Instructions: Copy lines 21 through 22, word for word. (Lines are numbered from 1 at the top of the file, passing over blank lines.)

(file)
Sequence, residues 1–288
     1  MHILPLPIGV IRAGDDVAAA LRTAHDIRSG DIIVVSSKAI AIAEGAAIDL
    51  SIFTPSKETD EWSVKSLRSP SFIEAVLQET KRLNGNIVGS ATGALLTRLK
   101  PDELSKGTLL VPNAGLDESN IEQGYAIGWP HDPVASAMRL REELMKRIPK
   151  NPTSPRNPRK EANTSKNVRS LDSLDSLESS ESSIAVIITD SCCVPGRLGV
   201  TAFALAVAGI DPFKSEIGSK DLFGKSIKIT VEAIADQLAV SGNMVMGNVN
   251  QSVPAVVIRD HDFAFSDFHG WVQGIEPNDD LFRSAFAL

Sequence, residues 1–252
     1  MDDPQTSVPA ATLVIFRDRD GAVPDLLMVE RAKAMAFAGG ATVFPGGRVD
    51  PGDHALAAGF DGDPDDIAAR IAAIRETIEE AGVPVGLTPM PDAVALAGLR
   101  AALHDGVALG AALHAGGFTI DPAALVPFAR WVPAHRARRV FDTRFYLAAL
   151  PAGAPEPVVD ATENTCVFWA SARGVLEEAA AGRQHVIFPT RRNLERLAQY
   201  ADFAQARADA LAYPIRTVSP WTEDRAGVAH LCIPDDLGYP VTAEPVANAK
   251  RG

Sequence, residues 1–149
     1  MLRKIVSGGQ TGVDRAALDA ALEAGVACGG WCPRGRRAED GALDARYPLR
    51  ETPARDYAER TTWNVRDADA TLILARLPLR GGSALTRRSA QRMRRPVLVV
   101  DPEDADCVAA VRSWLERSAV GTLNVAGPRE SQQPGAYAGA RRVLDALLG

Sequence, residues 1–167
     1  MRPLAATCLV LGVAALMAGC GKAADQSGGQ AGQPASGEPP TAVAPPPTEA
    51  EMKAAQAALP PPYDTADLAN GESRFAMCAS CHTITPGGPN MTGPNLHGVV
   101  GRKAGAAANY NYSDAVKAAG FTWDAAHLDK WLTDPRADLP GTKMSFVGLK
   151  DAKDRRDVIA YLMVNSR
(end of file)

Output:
    51  EMKAAQAALP PPYDTADLAN GESRFAMCAS CHTITPGGPN MTGPNLHGVV
   101  GRKAGAAANY NYSDAVKAAG FTWDAAHLDK WLTDPRADLP GTKMSFVGLK